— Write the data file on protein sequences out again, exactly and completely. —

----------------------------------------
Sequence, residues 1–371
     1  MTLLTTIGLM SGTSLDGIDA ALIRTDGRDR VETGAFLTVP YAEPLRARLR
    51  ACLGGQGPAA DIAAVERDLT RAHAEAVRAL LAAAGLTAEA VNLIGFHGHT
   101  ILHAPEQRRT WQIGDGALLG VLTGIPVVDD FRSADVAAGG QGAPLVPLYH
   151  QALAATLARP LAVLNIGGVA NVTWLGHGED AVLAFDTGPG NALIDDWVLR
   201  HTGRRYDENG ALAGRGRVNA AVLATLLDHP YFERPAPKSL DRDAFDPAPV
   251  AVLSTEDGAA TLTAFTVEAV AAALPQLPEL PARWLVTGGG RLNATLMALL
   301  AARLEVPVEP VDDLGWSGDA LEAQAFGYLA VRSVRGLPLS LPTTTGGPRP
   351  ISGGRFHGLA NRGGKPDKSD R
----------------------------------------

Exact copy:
Sequence, residues 1–371
     1  MTLLTTIGLM SGTSLDGIDA ALIRTDGRDR VETGAFLTVP YAEPLRARLR
    51  ACLGGQGPAA DIAAVERDLT RAHAEAVRAL LAAAGLTAEA VNLIGFHGHT
   101  ILHAPEQRRT WQIGDGALLG VLTGIPVVDD FRSADVAAGG QGAPLVPLYH
   151  QALAATLARP LAVLNIGGVA NVTWLGHGED AVLAFDTGPG NALIDDWVLR
   201  HTGRRYDENG ALAGRGRVNA AVLATLLDHP YFERPAPKSL DRDAFDPAPV
   251  AVLSTEDGAA TLTAFTVEAV AAALPQLPEL PARWLVTGGG RLNATLMALL
   301  AARLEVPVEP VDDLGWSGDA LEAQAFGYLA VRSVRGLPLS LPTTTGGPRP
   351  ISGGRFHGLA NRGGKPDKSD R